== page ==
Past Working Bees
We try to have 4 Working Bees a year; one for each season. Anyone is welcome to join us. There are always activities to suit all abilities and levels of energy. Please check with us that a Working Bee is running as recent events have changed our plans at short notice!
Find out about our next Working Bee.
When tidying the area of the Old Tram Line in preparation for the ANZAC Commemoration it became clear that the grass is encroaching on either side of the tar-seal by at least a metre. As the tram line is probably the only one to go into a cemetery in the world and is a main throughfare for funerals in the Jewish section, we feel that this feature should be kept properly edged and well swept. Three Trustees were joined by Jen’s grand-daughter and a volunteer, Mark. This is the third time that Mark has biked from the other side of town to help us in the cemetery.
December 2011 and March 2012
As the painting of the plywood surround of the Peacock Mausoleum developed into a beautiful trompe l’oille on all four sides, so the surrounding area looked more and more unkempt! The past two working bees have focused on the area surounding the Peacock Mausoleum but the weeds are plentiful and we were small in number!
We were joined in December by 3 members of the public and 3 Friends. Two helped blocking in colour for Anne on the Mausoeum, the rest of us had a go at tidying the graves in Block 32.
The gardening exercise was repeated in March but due to rather late publicity, only Trustees came along. This area suffered greatly in the February earthquake and would benefit from some being able to use heavy lifting gear to tidy the stones onto their graves.
We felt it was about time to tidy ‘up the hill’ and did a very satisfying job of removing pine mulch from much of Blocks 1, 2 and 3. Sandra and Jenny from NZSG joined us. Shirley visited for a while, gave us a generous donation and took some photos for us. We were 10 people in total. Despite not being able to do anything about earthquake damage, our work really made a positive difference to the look of the ‘top end’. Coffee and scones at Anne’s, now a regular and rewarding part of the proceedings, always brings up interesting memories and connections confirming there is really only 2 degrees of separation in Christchurch!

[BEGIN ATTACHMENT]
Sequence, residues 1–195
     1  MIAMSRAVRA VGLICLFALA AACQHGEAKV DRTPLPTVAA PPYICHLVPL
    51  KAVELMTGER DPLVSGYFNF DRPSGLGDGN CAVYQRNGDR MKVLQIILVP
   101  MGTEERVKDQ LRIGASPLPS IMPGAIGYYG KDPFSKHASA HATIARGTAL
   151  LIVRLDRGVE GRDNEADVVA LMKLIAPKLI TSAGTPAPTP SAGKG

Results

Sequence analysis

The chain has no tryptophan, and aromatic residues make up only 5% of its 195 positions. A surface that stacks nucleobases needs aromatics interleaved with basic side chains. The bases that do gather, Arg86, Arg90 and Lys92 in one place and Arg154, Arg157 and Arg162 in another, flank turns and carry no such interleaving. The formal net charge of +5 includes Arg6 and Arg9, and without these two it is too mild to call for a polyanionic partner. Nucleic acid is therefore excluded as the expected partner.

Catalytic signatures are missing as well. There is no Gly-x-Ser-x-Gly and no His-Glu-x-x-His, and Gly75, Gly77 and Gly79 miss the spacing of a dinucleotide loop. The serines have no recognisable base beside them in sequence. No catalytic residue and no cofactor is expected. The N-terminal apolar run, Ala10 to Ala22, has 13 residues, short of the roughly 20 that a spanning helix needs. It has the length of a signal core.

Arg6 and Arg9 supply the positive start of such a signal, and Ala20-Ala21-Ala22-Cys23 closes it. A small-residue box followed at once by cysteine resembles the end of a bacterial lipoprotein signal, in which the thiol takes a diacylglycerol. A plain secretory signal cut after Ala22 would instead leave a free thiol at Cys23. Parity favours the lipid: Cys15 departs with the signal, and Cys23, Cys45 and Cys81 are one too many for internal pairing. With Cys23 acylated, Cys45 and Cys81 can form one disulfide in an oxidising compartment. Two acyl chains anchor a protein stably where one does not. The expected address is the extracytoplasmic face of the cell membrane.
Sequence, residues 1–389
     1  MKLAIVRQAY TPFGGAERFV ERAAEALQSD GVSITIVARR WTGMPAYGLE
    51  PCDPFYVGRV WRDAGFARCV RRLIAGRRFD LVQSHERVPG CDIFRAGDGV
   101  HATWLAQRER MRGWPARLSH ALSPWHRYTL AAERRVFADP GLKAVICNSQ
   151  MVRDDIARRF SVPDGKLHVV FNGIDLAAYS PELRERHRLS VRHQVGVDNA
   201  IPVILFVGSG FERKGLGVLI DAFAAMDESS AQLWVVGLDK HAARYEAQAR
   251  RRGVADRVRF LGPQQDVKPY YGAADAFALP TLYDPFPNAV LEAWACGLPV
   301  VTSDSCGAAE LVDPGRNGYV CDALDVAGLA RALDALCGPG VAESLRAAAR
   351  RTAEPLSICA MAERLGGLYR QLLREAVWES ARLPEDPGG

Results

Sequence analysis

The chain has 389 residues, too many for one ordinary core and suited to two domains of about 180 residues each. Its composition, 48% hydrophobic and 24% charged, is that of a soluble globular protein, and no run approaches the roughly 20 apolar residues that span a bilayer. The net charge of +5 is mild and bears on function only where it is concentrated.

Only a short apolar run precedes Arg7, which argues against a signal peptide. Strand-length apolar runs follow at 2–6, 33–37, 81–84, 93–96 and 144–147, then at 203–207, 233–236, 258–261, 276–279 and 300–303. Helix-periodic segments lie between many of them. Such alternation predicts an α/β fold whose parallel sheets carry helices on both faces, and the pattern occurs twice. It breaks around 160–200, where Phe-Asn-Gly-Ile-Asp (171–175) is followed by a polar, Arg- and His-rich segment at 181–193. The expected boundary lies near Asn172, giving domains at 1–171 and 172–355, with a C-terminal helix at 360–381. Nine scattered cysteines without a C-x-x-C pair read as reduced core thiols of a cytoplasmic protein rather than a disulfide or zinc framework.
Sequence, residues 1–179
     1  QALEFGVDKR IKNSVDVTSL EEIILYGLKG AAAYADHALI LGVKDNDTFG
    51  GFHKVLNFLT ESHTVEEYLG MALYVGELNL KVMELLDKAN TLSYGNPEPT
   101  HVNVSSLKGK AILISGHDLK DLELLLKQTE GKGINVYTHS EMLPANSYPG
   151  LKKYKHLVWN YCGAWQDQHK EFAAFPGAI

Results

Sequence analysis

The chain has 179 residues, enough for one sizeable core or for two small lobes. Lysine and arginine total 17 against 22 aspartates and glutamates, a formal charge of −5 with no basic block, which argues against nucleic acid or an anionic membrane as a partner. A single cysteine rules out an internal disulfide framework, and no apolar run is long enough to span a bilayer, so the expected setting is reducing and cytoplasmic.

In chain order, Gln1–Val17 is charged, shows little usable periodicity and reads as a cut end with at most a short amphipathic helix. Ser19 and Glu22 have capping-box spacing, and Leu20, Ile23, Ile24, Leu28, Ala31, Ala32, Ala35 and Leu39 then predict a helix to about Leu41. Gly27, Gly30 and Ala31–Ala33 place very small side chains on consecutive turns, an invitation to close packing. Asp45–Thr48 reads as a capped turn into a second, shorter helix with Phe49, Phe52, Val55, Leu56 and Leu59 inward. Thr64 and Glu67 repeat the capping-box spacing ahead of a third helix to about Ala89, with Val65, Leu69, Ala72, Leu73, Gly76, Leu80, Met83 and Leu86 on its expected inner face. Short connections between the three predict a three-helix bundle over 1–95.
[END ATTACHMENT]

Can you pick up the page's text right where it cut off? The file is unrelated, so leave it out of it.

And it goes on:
Due to the extensive damage to, and questions of the stability of the cemetery land, we decided to walk the cemetery, assess and start to photograph the damage from the earthquake on 22 February. It was heartbreaking and after an hour we had had enough. Shirley joined us so we could help her to locate her ancestors and was delighted to have had help finding where they are. Anne once again provided coffee and scones to accompany our wound licking. We are resolute that we will continue to act as ‘self-appointed guardians’ of the cemetery.
Knowing that we get more visitors over Christmas than probably any other time of year, our Head Gardener Judy, arranged for a huge pile of mulch from the City Council so that we could make the beds around the main car park look tidy and suppress weeds.
Judy, Anne, Jen and Alexandra were joined by Richard Greenaway and Austin Ebert as well as Jen’s two grandchildren.